Too much whiskey.  Seeing double.The Cirque du Soleil described their show: Born from a personal friendship and mutual admiration between the late George Harrison and Cirque founder Guy Laliberté, LOVE brings the magic of Cirque du Soleil together with the spirit and passion behind the most beloved rock group of all time to create a vivid, intimate and powerful entertainment experience. I have loved the Beatles since I discovered records. As a kid, I patiently copied my father’s records to cassette. I would play the records over and over again in my room; the cassettes I would play in my Walkman or in the car. I honestly believe that there has never been a more influential group of rock musicians. Derived from or inspired by, so much of rock traces back to this group. As I grew up, my own tastes and interests moved away from those of my father. I discovered new bands, new sounds, new approaches. But I often could hear the connections back to the Beatles.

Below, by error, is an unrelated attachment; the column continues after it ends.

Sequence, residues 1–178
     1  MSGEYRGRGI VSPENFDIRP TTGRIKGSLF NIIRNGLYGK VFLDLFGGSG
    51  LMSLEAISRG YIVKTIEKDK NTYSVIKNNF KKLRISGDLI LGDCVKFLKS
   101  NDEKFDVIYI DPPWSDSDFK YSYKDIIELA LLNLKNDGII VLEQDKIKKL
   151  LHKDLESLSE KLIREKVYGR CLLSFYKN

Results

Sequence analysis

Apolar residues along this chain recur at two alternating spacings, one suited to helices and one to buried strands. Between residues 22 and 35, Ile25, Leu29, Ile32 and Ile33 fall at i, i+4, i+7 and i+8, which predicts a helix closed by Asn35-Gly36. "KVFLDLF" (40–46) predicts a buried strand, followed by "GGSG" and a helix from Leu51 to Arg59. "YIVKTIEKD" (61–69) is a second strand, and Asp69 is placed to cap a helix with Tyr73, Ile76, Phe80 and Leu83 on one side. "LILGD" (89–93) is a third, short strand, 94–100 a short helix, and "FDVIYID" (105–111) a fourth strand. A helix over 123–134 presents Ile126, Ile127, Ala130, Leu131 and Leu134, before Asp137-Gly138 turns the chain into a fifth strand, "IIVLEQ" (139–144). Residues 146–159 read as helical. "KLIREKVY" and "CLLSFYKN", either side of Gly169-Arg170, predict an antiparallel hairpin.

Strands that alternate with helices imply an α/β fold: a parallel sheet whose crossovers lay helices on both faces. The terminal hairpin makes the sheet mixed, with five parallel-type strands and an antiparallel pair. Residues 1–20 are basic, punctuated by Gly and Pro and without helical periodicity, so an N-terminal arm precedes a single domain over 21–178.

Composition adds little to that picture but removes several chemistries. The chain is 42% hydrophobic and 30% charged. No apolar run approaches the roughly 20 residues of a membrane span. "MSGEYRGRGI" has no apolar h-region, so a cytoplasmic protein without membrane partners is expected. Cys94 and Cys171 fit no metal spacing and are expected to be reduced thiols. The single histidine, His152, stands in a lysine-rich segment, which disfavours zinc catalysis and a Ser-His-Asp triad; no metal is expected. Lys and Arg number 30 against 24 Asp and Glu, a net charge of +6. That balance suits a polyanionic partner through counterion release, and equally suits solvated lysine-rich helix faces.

For LOVE, over sixty artists worked in conjunction with the legendary producer Sir George Martin to interpret the exuberant and irreverent spirit of the Beatles. The loose story of the circus-based artistic and athletic stage production traces the Beatles’ biography in broad, symbolic strokes. The show does not use literal representations of people or places. What events they do portray are painted with a wildly and amazingly creative, symbolic brush. A representation of the German blitz of Liverpool opens the show, for example– concluding with a dark envisioning of “Because” from Abbey Road. The production has chosen to represent signature fictional characters from the Beatles’ lyrics. I recognized Lady Madonna, Sergeant Pepper, Lucy, Eleanor Rigby, and Mister Kite. Four was a recurring theme, as well. Four faceless, mop-topped figures resembled the Beatles themselves. The stage, albeit set in the round, was often divided into four quarters by translucent screens. It was a beautiful performance. Incredible art in its own right, inspired by a lifetime of monumental art.

Charles Spencer of Britain’s Daily Telegraph wrote this about the show, and his words describe my feelings with poignancy and clarity: “Cirque du Soleil is […] overpoweringly moving. For it achieves the apparently impossible, allowing you to hear the Beatles with fresh ears. […] At times you seem to be listening to the music of your childhood and youth as if for the first time.”